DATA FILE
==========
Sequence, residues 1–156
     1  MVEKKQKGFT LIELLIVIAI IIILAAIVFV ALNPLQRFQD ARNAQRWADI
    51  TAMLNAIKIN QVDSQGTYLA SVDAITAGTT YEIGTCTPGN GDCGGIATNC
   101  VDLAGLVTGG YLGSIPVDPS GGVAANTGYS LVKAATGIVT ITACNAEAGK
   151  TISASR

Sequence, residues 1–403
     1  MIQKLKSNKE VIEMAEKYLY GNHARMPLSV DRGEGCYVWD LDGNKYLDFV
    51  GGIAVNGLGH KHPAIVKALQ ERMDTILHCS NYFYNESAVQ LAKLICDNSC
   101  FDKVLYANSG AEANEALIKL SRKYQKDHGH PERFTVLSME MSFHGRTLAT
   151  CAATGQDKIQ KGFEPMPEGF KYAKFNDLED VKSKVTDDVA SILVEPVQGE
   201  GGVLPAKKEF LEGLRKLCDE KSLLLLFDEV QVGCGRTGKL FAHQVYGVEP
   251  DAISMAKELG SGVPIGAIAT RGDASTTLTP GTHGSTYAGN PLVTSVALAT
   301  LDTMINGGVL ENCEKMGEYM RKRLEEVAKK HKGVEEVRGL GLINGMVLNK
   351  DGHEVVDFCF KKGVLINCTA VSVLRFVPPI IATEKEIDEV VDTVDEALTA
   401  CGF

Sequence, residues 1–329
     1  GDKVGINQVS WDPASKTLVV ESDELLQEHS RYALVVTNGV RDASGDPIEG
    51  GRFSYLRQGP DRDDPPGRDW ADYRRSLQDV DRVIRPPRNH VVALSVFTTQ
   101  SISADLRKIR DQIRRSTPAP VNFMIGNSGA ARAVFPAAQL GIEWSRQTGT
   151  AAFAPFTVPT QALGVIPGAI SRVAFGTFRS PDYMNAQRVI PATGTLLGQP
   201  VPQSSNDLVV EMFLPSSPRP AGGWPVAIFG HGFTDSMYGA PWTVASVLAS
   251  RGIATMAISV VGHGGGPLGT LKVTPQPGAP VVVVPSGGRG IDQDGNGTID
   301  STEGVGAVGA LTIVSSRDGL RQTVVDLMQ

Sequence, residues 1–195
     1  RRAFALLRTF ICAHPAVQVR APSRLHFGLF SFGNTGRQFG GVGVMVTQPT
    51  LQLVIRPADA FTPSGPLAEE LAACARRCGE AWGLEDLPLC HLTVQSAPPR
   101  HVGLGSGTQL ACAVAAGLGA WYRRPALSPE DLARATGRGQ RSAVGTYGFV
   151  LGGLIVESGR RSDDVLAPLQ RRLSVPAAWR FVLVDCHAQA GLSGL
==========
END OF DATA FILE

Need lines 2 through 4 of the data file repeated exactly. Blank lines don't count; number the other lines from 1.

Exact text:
     1  MVEKKQKGFT LIELLIVIAI IIILAAIVFV ALNPLQRFQD ARNAQRWADI
    51  TAMLNAIKIN QVDSQGTYLA SVDAITAGTT YEIGTCTPGN GDCGGIATNC
   101  VDLAGLVTGG YLGSIPVDPS GGVAANTGYS LVKAATGIVT ITACNAEAGK